I can speak with some assurance on this subject, because the committee of which I was a member was instrumental in having a series of tests given to boys who had left school before the eighth grade, as well as those who had finished the eighth grade and some of them had gotten into the high school. These boys in Chicago were to be found in some of the shops, in some large mercantile establishment, were picked up in some of the settlements, were found in the night schools and

( 3) other places, and the results of these tests were that which I have already given to you, namely, the boys who had left even in the seventh grade were not able to pass the simple fifth grad test in arithmetic, nor yet was their English what we would have a right to expect from children who had had fifth grade training. Even those boys who had been in school during the seventh grade were unable to meet this test of a grade which was two years below.

When we say then that fifty percent of our children drop out of the elementary school before they have reached the eighth grade, we are saying that they have practically dropped out of the fifth grade; we are saying that the educational control which they have gotten, or are supposed to have gotten, that this control falls below the fifth grade, and it is a very lamentable situation from the point of view of education, and from the point of view of the children it is a tragic situation, for, as these children get older, they feel the need of that training which is requisite to bring them up, they realize that great lack. We met a number of boys who were quite unable to pass the fifth grade tests, young men who would have been glad to have an opportunity at their age to do more, but were quite unable to really help themselves out; who were not able to make use of the night schools in such a way as to put themselves back where they ought to have been because of this lack of early training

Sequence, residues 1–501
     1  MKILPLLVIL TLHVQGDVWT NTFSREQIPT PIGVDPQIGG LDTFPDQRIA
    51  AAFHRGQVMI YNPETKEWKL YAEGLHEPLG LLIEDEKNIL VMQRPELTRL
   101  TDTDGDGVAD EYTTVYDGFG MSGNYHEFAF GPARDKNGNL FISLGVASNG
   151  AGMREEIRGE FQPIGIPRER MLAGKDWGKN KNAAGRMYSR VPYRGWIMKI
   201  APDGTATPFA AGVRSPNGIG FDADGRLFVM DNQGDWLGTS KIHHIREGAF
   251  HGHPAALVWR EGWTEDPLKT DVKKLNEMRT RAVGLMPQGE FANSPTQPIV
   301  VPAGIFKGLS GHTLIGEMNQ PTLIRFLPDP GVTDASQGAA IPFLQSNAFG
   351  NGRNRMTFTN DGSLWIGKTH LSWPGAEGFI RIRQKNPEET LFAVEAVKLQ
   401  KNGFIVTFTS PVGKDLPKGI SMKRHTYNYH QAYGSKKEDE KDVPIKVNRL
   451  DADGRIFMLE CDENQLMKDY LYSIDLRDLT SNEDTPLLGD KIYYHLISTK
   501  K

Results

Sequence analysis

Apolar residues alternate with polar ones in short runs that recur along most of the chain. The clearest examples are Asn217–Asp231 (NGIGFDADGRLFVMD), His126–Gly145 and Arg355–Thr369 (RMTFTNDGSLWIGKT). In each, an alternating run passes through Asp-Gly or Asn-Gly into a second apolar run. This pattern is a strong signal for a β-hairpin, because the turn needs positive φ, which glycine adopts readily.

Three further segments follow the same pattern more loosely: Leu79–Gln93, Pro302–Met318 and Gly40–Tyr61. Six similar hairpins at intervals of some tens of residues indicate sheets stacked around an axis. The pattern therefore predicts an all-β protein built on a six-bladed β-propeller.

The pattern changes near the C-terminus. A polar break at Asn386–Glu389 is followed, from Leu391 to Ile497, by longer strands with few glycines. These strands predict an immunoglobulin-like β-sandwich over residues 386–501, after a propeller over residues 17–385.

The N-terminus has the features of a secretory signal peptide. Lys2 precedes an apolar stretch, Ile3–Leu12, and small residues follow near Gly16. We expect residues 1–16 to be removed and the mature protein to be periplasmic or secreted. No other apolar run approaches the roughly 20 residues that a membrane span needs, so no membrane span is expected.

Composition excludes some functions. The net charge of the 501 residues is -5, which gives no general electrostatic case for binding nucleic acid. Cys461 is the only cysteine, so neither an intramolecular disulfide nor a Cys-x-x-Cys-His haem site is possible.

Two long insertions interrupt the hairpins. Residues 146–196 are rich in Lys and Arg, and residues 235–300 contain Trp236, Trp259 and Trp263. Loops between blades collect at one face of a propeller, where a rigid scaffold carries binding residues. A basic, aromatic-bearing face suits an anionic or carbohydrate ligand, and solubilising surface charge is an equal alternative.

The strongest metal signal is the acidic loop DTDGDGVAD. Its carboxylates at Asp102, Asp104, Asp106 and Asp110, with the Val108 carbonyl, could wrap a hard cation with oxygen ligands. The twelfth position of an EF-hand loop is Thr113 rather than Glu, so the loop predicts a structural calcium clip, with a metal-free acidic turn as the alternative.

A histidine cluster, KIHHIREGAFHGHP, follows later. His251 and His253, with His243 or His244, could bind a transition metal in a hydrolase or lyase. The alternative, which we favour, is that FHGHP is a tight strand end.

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You can say then of the schools at the present time, the elementary school period, has failed to do what it is supposed to do for the boy, and this is not true simply of Chicago, but of the other large cities, and of most of the smaller cities, and I imagine it will hold fairly well for out in the country.